At this time of year, we’d normally be gearing up to eat and drink our way around the foodie festival, Taste of London – and one of our favourite ports of call every year, is, of course, the Prosecco DOC tent. Not to be deterred, we set up shop at home, with a fun virtual tasting lead by the always entertaining, Wine Tipster Neil Philips, who is the UK Ambassador for Prosecco DOC.
So what else is there to know about Prosecco you might ask? Good question. Well first things first, the UK loves the stuff. We’re the largest export market, getting through 112 MILLION bottles a year – and even during lockdown, Prosecco has turned out to be one of the most popular search terms (aside from ‘red wine’) for people placing online drink orders. So turns out there’s still much to celebrate.
But as a nation of Prosecco lovers, do we give much thought about what goes into a bottle, in the same way we might for other wines? When selecting your fizz, do you have a go-to producer and are you confident in which style you prefer? Fear not, by the end of this you’re going to be a Prosecco selecting ninja, perfectly composed and confident the next time you’re faced with a wall of Italy’s favourite fizz.
There are three main styles to look out for (there are more but you rarely see them on the shelves here, with ‘extra dry’ making up 75% of production).
Brut – 0-12g of residual sugar per litre
Extra Dry – 12-17g of sugar per litre
Dry – 17 – 32g of sugar per litre
So as you can see, it’s a bit confusing, with Brut styles actually containing less sugar than Extra Dry. A word of caution though, even if you think you prefer your Prosecco with the least amount of sugar, don’t automatically discount the others. It really is all down to the producer, with the best ones creating perfectly balanced fizz, regardless of the sugar content.
Although we often begin the evening with Prosecco (hello Aperitivo hour!), turns out it’s also extremely food-friendly, pairing with a variety of dishes with ease. So, to discourage you from switching to still wine as your meal goes on, here are some of our favourite combinations.
Torresella Prosecco D.O.C. Extra Dry 75cl: £13.16, alivini
Pair this with: Grana Padano
For the ultimate Aperitivo hour, there really is no greater pairing. Ideally, we’d suggest getting your hands on the biggest piece of cheese you can find, before ‘chunking’ and presenting smaller bits on a large wooden board with cocktail sticks for your guests to help themselves. The creaminess of the cheese goes really well with the crunchy green and red apple notes from the Prosecco. Really well made, this is nice and refreshing with a good finish – something that’s important to look out for in Prosecco.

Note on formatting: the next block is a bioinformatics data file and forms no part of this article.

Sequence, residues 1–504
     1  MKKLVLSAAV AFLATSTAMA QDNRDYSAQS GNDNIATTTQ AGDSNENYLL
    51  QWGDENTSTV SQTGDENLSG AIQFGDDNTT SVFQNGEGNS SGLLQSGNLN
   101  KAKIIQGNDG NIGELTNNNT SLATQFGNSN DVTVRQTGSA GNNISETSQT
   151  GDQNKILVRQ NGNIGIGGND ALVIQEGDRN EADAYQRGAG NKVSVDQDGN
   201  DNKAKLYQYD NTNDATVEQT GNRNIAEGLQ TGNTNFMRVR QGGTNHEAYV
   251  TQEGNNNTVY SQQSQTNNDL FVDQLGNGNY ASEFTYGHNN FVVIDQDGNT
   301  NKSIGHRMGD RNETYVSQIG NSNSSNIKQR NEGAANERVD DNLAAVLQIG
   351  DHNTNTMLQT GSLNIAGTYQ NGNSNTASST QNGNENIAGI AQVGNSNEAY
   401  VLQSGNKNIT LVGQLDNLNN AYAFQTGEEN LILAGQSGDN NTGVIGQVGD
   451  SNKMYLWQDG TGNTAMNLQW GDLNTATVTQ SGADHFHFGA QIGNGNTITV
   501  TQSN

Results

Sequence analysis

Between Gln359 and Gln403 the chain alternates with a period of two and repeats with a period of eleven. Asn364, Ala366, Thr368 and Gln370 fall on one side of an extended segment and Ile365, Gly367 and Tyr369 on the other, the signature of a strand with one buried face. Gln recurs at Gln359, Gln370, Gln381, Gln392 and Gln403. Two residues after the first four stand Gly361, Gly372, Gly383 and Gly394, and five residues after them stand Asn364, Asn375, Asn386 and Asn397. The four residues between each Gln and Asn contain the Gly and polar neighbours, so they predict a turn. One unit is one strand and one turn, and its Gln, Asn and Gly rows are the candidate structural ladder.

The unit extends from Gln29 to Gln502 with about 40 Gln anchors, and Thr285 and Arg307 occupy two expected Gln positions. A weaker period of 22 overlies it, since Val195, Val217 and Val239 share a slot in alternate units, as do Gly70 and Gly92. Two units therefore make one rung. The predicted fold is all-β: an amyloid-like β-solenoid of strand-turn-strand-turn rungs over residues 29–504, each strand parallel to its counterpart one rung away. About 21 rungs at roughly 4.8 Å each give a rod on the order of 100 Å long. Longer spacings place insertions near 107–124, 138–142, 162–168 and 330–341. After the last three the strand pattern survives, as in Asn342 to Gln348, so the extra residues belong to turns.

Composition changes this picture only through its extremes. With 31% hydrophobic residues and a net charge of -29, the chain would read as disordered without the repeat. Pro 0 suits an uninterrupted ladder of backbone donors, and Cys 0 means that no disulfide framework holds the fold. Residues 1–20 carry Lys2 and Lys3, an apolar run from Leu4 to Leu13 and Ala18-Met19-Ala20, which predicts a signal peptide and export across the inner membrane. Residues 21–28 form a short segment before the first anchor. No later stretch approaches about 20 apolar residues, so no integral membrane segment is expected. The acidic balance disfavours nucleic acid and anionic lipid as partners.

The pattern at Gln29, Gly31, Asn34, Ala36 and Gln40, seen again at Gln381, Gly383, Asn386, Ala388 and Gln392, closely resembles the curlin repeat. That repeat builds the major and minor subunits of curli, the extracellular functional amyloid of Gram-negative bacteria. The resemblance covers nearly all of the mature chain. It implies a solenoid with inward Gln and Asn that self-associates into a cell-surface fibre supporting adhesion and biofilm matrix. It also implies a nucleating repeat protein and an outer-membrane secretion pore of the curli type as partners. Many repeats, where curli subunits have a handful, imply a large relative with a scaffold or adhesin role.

Masottina Prosecco D.O.C Brut 75cl: £14.95, Berry Bros & Rudd
Pair this with: Sushi
Made with 100% glera grapes, this stunner is completely organic. Previously scooping gold at the prestigious Decanter World Wine Awards, you can pick up a bottle at our favourite wine merchants, Berry Bros & Rudd. For those that like their fizz a bit more complex, deep and brooding – this is for you (the Jonny Depp of Prosecco if you will). Made in a brut style, we adored the slightly honeyed notes on this which creates a bit more weight and a beautiful long finish. Perhaps surprisingly it’s great with sushi, taking on the spice of wasabi with ease.
Ruggeri Arego Prosecco D.O.C Brut 75cl: £9.95, Great Western Wine
Pair this with: Avocado
Light and elegant, this well-crafted wine goes well with the creamy freshness of avocado. Get the day off to a great start with our favourite brunch of avocado on toast or refrain until later and try in a summery salad with tomato and burrata. Particularly citrussy, refreshing and dry, this one’s also suitable for vegans.
Cabert Prosecco Extra Dry 11% 75ml: £15.95, Amazon
Pair this with: Pizza
These guys have been in the biz of making extraordinary Prosecco for 30-40 years, so it’s really not such a surprise to find such a well-made style here. Again, here we have an extra dry wine, that’s both fresh and fruity. A perfect pairing for a fun pizza feast, the acidity works exceptionally well with the creamy more intense cheeses.
Whichever you go for, a few key things to remember:
- Like most white wine, Prosecco is designed to be drunk young and fresh. Don’t even think about trying to age these guys, they won’t thank you for it. Aim to drink within about 6months to a year.
- We hate to break it to you, but you really do need to be spending upwards of £10 to get yourself a decent bottle. This is true for all quality wine so please don’t think you can scrimp here.
- Seen a screwcap bottle? Don’t worry. This is probably frizzante, a style of Prosecco with more delicate bubbles and less pressure, therefore not needing the traditional cork stopper. Don’t be deterred!
- Do experiment with cocktails. Prosecco is fun, versatile and designed to be enjoyed.
The Future of Prosecco
There are all sorts of crazy rules and regulations involved in producing wine and until now it has not been possible to release a rose version of Prosecco. However, as of the 2020 harvest, that’s set to change! Bottles will need to have between 10-15% pinot noir in the blend, which will result in some truly beautiful blushes. Expect to see this on shelves from 2021 (I know, we can’t wait either).
For more information on the wonderful world of Prosecco DOC, please visit: www.prosecco.wine
This is a sponsored post, written in conjunction with Prosecco DOC.